Having two daughters myself, I know the strain that can be injected into the family when the dad is struggling with an addiction to alcohol. Please take time to watch the video and leave comments at the bottom of this page. I’m sure the mom who sent in the email will greatly appreciate any experience, hope and wisdom you are able to share.
I received an email recently from a mom concerned about her daughter and husbands relationship.
“My daughter is 17 and finally admits dad is alcoholic. She has lots of resentment and anger. I am working on finding her a counselor but in the mean time all she and dad do is argue. Dad says she is being rude and disrespectful(she can be)but she also has a lot inside she doesn’t understand.
When she was younger they had a very close relationship but now I don’t know what is happening. I feel so torn! I hate seeing this happen. They both confide in me and I don’t know what to do!”
Ok, so here’s my response:
I’ve had some experience in this area. I learned, early on, in alcoholism support group meetings that I don’t have any control over people, places or things. I can’t stop people from getting into arguments. Now, I try and let go as best as I can, so that I will have more peace and serenity in my life – I can choose the battles that I want to get involved in. Now, being a parent, you know, as I was raising my children, I thought it was very important that my children had respect for their mother. Now, it’s interesting, because, when there is an alcoholic involved, a lot of times the alcoholic’s behavior is unacceptable behavior. Now, one of the things that I love is that both the daughter and the father communicating with you. That says to me that you’re probably expressing a very non-judgmental attitude and you’re expressing unconditional love to an alcoholic and daughter in this situation. And being a good listener – I think that is so, so vitally important, but, at the same time, if the alcoholics are expressing abusive, unacceptable behavior, then that has to be addressed and needs to be communicated by you and, also, the daughter needs to learn how to set boundaries with the alcoholic father, if they’re being abusive, and letting them know that their behavior is unacceptable.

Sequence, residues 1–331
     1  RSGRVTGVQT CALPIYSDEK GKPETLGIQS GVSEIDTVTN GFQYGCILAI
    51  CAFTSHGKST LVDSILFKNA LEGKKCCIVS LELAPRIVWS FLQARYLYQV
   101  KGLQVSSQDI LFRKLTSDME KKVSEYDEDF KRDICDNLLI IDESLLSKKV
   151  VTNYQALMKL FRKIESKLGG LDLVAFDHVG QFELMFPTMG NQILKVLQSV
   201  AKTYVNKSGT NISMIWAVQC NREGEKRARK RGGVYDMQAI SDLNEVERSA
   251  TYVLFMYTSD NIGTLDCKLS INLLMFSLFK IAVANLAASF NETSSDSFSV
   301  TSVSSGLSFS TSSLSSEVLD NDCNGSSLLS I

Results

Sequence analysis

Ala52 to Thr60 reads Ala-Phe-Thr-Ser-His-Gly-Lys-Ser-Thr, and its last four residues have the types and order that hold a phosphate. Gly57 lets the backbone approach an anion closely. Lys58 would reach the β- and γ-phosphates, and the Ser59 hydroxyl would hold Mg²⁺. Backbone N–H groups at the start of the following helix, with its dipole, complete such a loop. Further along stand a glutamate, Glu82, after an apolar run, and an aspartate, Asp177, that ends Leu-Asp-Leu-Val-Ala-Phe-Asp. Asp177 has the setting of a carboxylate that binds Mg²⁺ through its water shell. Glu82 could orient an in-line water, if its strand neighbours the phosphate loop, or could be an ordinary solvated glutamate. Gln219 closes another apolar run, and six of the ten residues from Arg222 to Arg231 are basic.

I love that you are getting involved, getting her involved with a counselor, I think that’s a great thing. “Al-anon” has a program called “Al-ateen”, that’s a wonderful program to get teenagers involved in. So, we have to choose our battles. Now, one of the things that I most definitely know is that there is healing that can come to relationships like this. What is happening right now may seem very uncomfortable and devastating. There is always hope that the alcoholic will get sober and get into a program of recovery, and then have a spiritual awakening, then get to see that devastation and damage they have done, not only to the relationship with a daughter, but also, relationships with other people. And if they get involved in AA, a part of their program will be to make amends, and there can be healing. I most definitely know this to be true through my own experience with my family.
So, I hope that helps you out a little bit, being in a situation where alcoholism is present in the family, it’s so difficult to find that fine line between detachment and letting go of situations. And, what our part is in getting involved as a parent – I think it’s important that we don’t allow children to disrespect the other parent. They need to grow up with solid foundations knowing what is acceptable and non-acceptable in their behavior, and then, also, on the alcoholic side – they need to understand, in a role of a parent, what is acceptable and non-acceptable behavior when it’s expressed toward the child. I always side it for the child – we have to protect them against abuse and do whatever it is possible to protect them in this situation. In our community, there are many, many organizations that help people who are in abusive situations. You may not even realize that this is an abusive situation. I’m not saying that it is. So it might be a good idea to do a little more research on what it means to be in an abusive relationship with an alcoholic…
Please leave your comments below. I’m confident we can help this mom sort out how to handle this troubled relationship between a daughter and an alcoholic dad.